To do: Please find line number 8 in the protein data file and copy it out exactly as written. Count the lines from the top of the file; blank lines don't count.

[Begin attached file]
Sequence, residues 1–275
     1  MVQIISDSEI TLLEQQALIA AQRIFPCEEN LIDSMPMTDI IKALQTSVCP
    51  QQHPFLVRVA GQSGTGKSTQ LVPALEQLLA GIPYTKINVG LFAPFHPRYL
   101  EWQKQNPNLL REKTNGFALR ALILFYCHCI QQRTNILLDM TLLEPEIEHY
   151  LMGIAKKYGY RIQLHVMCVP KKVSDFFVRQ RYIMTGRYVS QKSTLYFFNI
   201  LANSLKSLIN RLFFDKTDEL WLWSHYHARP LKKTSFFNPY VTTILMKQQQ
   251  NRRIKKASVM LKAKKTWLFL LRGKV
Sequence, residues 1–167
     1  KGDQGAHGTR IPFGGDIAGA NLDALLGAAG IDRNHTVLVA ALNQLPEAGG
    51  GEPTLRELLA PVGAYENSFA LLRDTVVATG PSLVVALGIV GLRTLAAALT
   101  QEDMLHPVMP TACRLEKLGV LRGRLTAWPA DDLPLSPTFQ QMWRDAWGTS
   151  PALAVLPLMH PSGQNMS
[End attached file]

Sequence, residues 1–167